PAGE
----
Book of Psalms

Outside Sources

Source 1

http://biblehub.com/commentaries/barnes/psalms/3.htm

The title is found in the Aramaic Paraphrase, the Latin Vulgate, the Septuagint, the Syriac, the Arabic, and the Ethiopic versions. It is not, indeed, certain by whom the title was prefixed…

In the Jewish Bible, the title is considered as a proper verse.  Psalms 3, therefore, has 9 verses in the Jewish bible, and 8 verses in the Christian Bible.

http://www.chabad.org/library/bible_cdo/aid/16224/jewish/Chapter-3.htm

Source 2

http://www.easyenglish.info/psalms/psalm003-taw.htm

“What Psalm 3 means
Verses 1 – 2: DAVID SEES TROUBLE David calls God by the name LORD. David is a friend of God, so he uses a special name, LORD, with 4 capital letters. In Hebrew it is YAHWEH. Absalom and his men call God ELOHIM which we translate God. They do not use the special name. Every day more people followed Absalom. Absalom and his people said, “God will not save David”. David was afraid so he prayed for help.”

Source 3

http://www.scripturestudies.com/Vol10/J8/wis.html

“As the inscription of the Psalm says, this Psalm of David concerns the time “when he fled from his son Absalom”. This episode in David’s life is found in II Sam. 15. During David’s reign over Israel, his son Absalom gathered a following by “bad-mouthing” David. Even some of David’s most trusted aids joined Absalom’s camp (II Sam. 15:12). Absalom proclaimed himself king, and David was forced to flee Jerusalem.”

“This episode demonstrates that even the most renowned of God’s children face trials; yes, even heavy trials. Jesus prepared us for this: “In this world, you will have trouble” (John 16:33). The apostles in the book of Acts recognized this: “We must go through many hardships to enter the kingdom of God” (Acts 14:22). So we should not be surprised when we, as children of God, face affliction. As Peter says: “Dear friends, do not be surprised at the painful trial you are suffering, as though something strange was happening to you. But rejoice that you participate in the sufferings of Christ, so that you may be overjoyed when His glory is revealed” (I Pet. 4:12-13).”

“The affliction of David described in this Psalm was a punishment from God for his sin with Bathsheba. After Nathan confronted David concerning his sin, Nathan said: “This is what the Lord says: ‘Out of your own household I am going to bring calamity upon you. Before your very eyes I will take your wives and give them to one who is close to you, and he will lie with your wives in broad daylight. You did it in secret, but I will do this thing in broad daylight before all Israel’” (II Sam. 12:11,12). This prophecy was completely fulfilled when Absalom took David’s concubines: “So they pitched a tent for Absalom on the roof, and he lay with his father’s concubines in the sight of all Israel” (II Sam. 16:22).”

“We learn from this that the results of sin are far-reaching. Years had passed since David’s sin with Bathsheba; yet, David bore the consequences. We also learn an oft-mentioned principle in the Bible: what you sow, you shall reap. “Do not be deceived: God cannot be mocked. A man reaps what he sows. The one who sows to please his sinful nature, from that nature will reap destruction; the one who sows to please the Spirit, from the Spirit will reap eternal life” (Gal. 6:7,8). In this case, David, almost literally, reaped what he sowed: he lay with another man’s wife, so another man lay with his concubines.”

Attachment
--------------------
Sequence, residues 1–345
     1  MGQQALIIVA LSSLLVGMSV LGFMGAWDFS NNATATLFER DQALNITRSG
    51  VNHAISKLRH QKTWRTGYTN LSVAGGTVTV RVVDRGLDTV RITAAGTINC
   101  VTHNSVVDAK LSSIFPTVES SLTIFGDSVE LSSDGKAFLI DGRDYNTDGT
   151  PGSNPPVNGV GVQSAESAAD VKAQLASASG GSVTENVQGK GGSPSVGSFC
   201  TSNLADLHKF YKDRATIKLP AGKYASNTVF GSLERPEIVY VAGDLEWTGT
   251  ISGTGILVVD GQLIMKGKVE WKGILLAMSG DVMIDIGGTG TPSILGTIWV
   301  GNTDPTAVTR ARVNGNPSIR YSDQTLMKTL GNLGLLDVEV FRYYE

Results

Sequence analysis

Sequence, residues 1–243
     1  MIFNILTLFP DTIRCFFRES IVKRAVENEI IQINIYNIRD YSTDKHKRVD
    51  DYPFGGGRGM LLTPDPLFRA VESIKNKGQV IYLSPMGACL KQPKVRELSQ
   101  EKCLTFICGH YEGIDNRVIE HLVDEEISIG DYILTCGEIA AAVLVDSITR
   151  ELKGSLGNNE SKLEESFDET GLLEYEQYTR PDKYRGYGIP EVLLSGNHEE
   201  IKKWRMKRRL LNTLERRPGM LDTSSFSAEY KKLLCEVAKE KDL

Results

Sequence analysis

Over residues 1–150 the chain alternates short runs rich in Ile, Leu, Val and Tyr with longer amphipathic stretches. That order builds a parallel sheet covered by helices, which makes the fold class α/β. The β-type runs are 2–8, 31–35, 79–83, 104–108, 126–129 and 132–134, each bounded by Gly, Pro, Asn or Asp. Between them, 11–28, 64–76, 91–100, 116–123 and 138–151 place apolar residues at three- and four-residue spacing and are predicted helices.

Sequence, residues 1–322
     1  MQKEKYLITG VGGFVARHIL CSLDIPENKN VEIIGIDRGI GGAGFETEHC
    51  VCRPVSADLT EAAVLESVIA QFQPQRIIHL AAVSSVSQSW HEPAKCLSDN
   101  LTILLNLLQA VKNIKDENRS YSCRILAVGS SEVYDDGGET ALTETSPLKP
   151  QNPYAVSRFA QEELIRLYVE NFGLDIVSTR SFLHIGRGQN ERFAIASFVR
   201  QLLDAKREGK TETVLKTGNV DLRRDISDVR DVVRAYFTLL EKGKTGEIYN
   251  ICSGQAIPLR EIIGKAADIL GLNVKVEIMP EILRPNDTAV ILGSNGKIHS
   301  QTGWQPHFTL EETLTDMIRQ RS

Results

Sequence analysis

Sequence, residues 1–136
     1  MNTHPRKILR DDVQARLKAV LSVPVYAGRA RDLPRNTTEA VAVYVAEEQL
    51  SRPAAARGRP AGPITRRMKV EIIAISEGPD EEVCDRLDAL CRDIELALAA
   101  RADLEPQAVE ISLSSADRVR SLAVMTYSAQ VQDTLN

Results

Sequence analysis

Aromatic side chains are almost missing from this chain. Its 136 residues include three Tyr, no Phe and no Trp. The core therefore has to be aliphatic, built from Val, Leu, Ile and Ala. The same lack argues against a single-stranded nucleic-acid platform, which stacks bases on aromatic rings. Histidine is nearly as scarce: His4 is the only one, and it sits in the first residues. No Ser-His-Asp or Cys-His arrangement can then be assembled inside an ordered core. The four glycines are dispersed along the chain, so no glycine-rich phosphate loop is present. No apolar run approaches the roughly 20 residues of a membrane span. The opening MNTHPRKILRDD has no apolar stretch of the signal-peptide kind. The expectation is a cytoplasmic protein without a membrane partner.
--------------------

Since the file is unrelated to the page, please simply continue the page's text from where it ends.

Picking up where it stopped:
God is a just God; yet, God is also a merciful God. Despite the afflictions and, yes, even punishment that we face, God is with us and He is in control of the situation. This is the theme of this Psalm. David confessed his sin to God and repented from his sin and, thus, David could look to God as his Savior. As the Lord says: “Fear not, for I have redeemed you; I have summoned you by name; you are mine. When you pass through the waters, I will be with you; and when you pass through the rivers, they will not sweep over you. When you walk through the fire, you will not be burned; the flames will not set you ablaze. For I am the LORD, your God, the Holy One of Israel, your Savior (Isa. 43:1-3).”

“David begins with the words “O Lord”. Our advantage as children of God over our enemies in any situation is that we can turn to God for help. As Paul points out: “If God is for us, who can be against us?” (Rom. 8:31). And the Psalmist says: “The Lord is with me; I will not be afraid. What can man do to me?” (Ps. 118:6). I feel for those who do not turn to the Lord in their times of trouble. I have known the Lord most of my life and, so, I cannot imagine what it would be like to face affliction without His help. Turn to Him in your time of trouble!”

“When David says: “How many are my foes! How many rises up against me!” (vs. 1), he is not asking questions, but expressing exclamations of surprise. The Godly are often surprised when they face trials. They think that since they are God’s children, they are exempt from trouble. However, God has made it very clear in His Word that we will undergo hardship and affliction. The trials that we face are different than the trials that those of the world face. Our trials are for our good. “No discipline seems pleasant at the time, but painful. Later on, however, it produces a harvest of righteousness and peace for those who have been trained by it” (Heb. 12:11). The Psalmist says: “Before I was afflicted I went astray, but now I obey your word” (Ps. 119:67). And Paul points out: “For our light and momentary troubles are achieving for us an eternal glory that far outweighs them all” (II Cor 4:17). Thus, rather than bemoan our afflicted life, we can rejoice, for “blessed is the man who perseveres under trial because when he has stood the test, he will receive the crown of life that God has promised to those who love Him” (James 1:12).”